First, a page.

# scipy.odr.odrpack¶

Python wrappers for Orthogonal Distance Regression (ODRPACK).

## Classes¶

Data – stores the data and weights to fit against

RealData – stores data with standard deviations and covariance matrices

Model – stores the model and its related information

Output – stores all of the output from an ODR run

ODR – collects all data and runs the fitting routine

## Exceptions¶

odr_error – error sometimes raised inside odr() and can be raised in the
fitting functions to tell ODRPACK to halt the procedure
odr_stop – error to raise in fitting functions to tell ODRPACK that the data or
parameters given are invalid

## Use¶

Basic use:

1) Define the function you want to fit against.

```def f(B, x):
''' Linear function y = m*x + b '''
return B[0]*x + B[1]

# B is a vector of the parameters.
# x is an array of the current x values.
# x is same format as the x passed to Data or RealData.

# Return an array in the same format as y passed to Data or RealData.
```

2) Create a Model.

```linear = Model(f)
```

3) Create a Data or RealData instance.

```mydata = Data(x, y, wd=1./power(sx,2), we=1./power(sy,2))
```

or

```mydata = RealData(x, y, sx=sx, sy=sy)
```

4) Instantiate ODR with your data, model and initial parameter estimate.

```myodr = ODR(mydata, linear, beta0=[1., 2.])
```

5) Run the fit.

```myoutput = myodr.run()
```

6) Examine output.

```myoutput.pprint()
```

## Notes¶

• Array formats – FORTRAN stores its arrays in memory column first, i.e. an array element A(i, j, k) will be next to A(i+1, j, k). In C and, consequently, NumPy, arrays are stored row first: A[i, j, k] is next to A[i, j, k+1]. For efficiency and convenience, the input and output arrays of the fitting function (and its Jacobians) are passed to FORTRAN without transposition. Therefore, where the ODRPACK documentation says that the X array is of shape (N, M), it will be passed to the Python function as an array of shape (M, N). If M==1, the one-dimensional case, then nothing matters; if M>1, then your Python functions will be dealing with arrays that are indexed in reverse of the ODRPACK documentation. No real biggie, but watch out for your indexing of the Jacobians: the i,j’th elements (@f_i/@x_j) evaluated at the n’th observation will be returned as jacd[j, i, n]. Except for the Jacobians, it really is easier to deal with x[0] and x[1] than x[:,0] and x[:,1]. Of course, you can always use the transpose() function from scipy explicitly.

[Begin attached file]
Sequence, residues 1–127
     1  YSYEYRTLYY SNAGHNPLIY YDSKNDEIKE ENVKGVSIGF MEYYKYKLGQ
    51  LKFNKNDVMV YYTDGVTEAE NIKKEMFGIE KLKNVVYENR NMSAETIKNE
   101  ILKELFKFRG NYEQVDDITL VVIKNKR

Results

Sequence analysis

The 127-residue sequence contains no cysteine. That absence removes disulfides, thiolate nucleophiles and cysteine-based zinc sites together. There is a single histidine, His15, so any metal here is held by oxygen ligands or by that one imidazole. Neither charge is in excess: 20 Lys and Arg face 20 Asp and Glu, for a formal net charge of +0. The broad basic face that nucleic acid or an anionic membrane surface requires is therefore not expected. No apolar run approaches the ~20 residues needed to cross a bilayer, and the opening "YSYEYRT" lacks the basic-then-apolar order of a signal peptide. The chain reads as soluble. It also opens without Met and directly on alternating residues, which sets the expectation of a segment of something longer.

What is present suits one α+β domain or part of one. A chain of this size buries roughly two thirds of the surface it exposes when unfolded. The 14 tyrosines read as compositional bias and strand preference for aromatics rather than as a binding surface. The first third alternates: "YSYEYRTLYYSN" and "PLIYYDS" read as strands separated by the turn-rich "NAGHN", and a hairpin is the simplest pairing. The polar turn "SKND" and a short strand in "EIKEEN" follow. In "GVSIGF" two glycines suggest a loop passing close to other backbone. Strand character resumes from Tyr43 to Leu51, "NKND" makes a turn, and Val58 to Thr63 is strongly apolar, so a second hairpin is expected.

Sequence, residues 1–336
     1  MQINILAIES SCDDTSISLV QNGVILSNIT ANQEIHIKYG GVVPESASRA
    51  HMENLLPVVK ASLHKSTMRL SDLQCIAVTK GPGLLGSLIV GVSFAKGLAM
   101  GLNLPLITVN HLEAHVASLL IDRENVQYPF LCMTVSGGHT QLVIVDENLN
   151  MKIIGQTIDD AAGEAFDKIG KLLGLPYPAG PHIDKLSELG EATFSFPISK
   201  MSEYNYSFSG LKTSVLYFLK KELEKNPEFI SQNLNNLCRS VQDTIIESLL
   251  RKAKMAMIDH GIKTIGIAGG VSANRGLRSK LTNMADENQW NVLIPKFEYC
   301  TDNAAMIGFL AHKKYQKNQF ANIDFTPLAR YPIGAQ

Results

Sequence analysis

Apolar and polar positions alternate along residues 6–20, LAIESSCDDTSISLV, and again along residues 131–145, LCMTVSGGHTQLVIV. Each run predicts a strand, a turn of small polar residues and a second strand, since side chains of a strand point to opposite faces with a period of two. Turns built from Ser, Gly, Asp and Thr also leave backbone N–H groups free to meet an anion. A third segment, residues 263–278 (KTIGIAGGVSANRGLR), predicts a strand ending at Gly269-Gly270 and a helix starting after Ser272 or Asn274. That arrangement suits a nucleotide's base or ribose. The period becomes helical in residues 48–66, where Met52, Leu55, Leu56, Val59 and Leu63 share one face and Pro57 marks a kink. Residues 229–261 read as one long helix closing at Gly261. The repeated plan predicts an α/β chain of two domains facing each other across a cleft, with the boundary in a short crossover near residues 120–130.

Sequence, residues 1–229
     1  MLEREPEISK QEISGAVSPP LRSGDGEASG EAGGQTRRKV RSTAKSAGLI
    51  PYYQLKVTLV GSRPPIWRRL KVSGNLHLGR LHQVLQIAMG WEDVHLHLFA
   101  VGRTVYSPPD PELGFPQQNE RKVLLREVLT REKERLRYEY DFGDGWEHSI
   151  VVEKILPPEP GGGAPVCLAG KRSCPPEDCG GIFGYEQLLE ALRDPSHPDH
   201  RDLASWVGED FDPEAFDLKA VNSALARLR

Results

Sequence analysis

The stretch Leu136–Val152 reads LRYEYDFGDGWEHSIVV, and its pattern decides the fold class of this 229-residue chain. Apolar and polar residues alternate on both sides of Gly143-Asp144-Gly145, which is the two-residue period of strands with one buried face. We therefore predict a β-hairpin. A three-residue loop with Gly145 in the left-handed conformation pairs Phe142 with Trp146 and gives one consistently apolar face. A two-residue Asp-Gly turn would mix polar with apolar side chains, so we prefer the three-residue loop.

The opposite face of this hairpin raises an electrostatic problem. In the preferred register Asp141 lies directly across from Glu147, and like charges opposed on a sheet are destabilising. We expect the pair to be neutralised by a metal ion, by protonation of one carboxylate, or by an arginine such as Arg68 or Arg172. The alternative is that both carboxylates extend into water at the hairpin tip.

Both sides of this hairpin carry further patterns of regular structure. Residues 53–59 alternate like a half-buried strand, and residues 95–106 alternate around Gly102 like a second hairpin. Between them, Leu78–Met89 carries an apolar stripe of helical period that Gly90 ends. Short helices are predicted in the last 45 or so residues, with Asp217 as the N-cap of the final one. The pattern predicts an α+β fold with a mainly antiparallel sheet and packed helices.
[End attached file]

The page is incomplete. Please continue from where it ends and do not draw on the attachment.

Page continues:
• Examples – See the accompanying file test/test.py for examples of how to set up fits of your own. Some are taken from the User’s Guide; some are from other sources.
• Models – Some common models are instantiated in the accompanying module models.py . Contributions are welcome.

## Credits¶

• Thanks to Arnold Moene and Gerard Vermeulen for fixing some killer bugs.

Robert Kern robert.kern@gmail.com

Functions

 odr(fcn, beta0, y, x[, we, wd, fjacb, ...]) report_error(info) Interprets the return code of the odr routine.

Classes

 Data(x[, y, we, wd, fix, meta]) The Data class stores the data to fit. Model(fcn[, fjacb, fjacd, extra_args, ...]) The Model class stores information about the function you wish to fit. ODR(data, model[, beta0, delta0, ifixb, ...]) The ODR class gathers all information and coordinates the running of the Output(output) The Output class stores the output of an ODR run. RealData(x[, y, sx, sy, covx, covy, fix, meta]) The RealData class stores the weightings as actual standard deviations

Exceptions

 odr_error odr_stop